Candlestick Reversal Patterns
While discussing candlestick charts in Unit 2 of this module, we had mentioned that they have the edge over many other types of chart representation due to recognizable chart patterns, which are easy to define and work beautifully in the market.
In this section, we will discuss a few popular candlestick patterns. Candlestick patterns provide entry and stop-loss criteria, but there is no target setup as available in classical chart patterns.
Hammer is a single candlestick bullish reversal pattern. This occurs after a prolonged down trend. Ideally, there should be a gap down opening and bears should be able to push the price lower as a continuation of a down-move. At this point, bulls should overpower bears and push prices higher and make close to the opening price. The candle formed in this process should have a small body, a big lower shadow, and a negligibly small upper shadow. Ideally, the lower shadow should be at least twice the length of the body. The color of the body can be either green or red, but if the body color is green, then the hammer is considered a little more bullish, as the bulls were strong enough to close the price higher than the open price. The next day or in the next two to three days, ideally there should be a gap up opening or price should move above the high of the hammer candle. This is called confirmation or validation of the pattern. A hammer like a candle, without validation, has no real significance. If price moves above the high of the hammer a buy trade can be taken with a stop loss below the low of the candle.
A shooting star is just like a mirror image of a hammer candle. First, there should be a sustained up trend and then there has to be a gap up opening. The bulls should push the price higher in the initial part of the day. Then, later in the day bears should take in the control of the stock and push prices down. Eventually, the closing price should be very close to the opening price, resulting in a candle with a small green or red body, a big upper shadow, and a small or negligible lower shadow. The upper shadow of the candle should be at least twice the length of the body. Now confirmation of the shooting star pattern comes if the price moves below the low of the candle within the next 2-3 candles. On confirmation, a short trade should be taken with stop loss above the high of the candle. A shooting star pattern with a red body is considered slightly more bearish than one with a green body. It is often observed that the shooting star candlestick pattern acts as a bearish reversal pattern and triggers a down move after an uptrend.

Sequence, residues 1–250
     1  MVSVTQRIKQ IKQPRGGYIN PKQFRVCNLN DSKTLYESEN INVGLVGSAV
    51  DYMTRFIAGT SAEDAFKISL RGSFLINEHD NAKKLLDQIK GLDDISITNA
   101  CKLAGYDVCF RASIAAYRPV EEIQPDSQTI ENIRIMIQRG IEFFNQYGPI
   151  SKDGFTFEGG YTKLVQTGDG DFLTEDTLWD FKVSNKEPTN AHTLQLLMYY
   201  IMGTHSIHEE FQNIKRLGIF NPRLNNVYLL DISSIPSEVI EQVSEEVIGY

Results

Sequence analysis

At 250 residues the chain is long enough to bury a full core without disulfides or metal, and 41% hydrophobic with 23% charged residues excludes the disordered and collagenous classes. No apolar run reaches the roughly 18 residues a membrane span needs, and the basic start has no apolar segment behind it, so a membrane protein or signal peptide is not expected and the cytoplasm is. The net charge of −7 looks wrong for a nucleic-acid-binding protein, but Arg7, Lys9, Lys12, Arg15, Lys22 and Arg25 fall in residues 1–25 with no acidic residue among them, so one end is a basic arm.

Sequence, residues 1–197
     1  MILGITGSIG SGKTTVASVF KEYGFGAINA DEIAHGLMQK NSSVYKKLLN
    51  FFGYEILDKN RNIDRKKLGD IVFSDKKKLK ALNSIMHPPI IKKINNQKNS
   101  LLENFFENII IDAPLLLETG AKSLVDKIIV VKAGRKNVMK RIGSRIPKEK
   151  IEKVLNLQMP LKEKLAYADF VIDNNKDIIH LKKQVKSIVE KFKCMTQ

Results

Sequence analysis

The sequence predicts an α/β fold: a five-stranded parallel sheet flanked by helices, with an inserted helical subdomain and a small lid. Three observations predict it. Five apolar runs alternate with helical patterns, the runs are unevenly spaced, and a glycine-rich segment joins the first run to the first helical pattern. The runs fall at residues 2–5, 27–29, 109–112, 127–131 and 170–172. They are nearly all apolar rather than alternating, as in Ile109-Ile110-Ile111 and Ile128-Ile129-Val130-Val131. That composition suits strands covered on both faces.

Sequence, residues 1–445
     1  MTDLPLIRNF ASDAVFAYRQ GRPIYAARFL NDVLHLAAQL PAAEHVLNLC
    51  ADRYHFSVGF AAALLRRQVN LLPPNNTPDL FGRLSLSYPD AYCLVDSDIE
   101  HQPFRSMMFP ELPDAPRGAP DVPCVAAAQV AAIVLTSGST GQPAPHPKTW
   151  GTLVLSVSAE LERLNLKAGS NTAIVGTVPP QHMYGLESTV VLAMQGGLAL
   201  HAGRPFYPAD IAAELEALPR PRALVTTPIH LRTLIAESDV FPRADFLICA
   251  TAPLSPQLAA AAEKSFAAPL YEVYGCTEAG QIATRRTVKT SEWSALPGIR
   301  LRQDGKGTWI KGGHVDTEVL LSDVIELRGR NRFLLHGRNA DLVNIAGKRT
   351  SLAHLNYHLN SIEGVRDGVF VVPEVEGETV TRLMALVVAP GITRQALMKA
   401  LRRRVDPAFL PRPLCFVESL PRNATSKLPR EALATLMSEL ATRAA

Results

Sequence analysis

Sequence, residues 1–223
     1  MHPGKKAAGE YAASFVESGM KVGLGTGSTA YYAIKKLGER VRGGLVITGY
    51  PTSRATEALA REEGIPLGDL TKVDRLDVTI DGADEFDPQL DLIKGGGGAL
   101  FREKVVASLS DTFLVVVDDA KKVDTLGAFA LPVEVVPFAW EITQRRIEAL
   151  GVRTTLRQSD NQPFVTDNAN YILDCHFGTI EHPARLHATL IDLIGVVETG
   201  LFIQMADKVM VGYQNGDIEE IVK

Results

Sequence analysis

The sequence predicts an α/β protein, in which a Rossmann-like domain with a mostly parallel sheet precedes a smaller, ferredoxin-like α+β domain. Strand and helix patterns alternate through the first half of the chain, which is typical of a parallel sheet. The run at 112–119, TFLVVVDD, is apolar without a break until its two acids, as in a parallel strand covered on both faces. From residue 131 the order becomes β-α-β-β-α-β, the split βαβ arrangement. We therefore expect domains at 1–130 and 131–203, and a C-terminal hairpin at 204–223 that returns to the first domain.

An inverted hammer is a single candlestick bullish reversal pattern. The pattern appears after a sustained down-trend. At the beginning of the day, there should be a gap-down opening. However, bulls should push the price higher during the course of the day. Eventually, the bears should push the price lower during the course of the day and close near the open price. The resulting candle should have a small body, red or green, the upper wick should be at least twice the body of the candle and the lower shadow should be quite small or negligible in size. If the body is green it is relatively more bullish than if it is red. This looks like an inverted hammer as the name suggests. The philosophy is that bears were not able to push the price below the opening price during the course of the day. This pattern, however, is considered to be a little less bullish than the hammer itself, because in hammer bulls are able to force a higher close by the end of the day. The confirmation of the pattern comes once the price moves above the high of the candle. On confirmation, a buy trade can be initiated with a stop loss below the low of the candle. The inverted hammer occurs a little less frequently in the market as compared to the hammer pattern.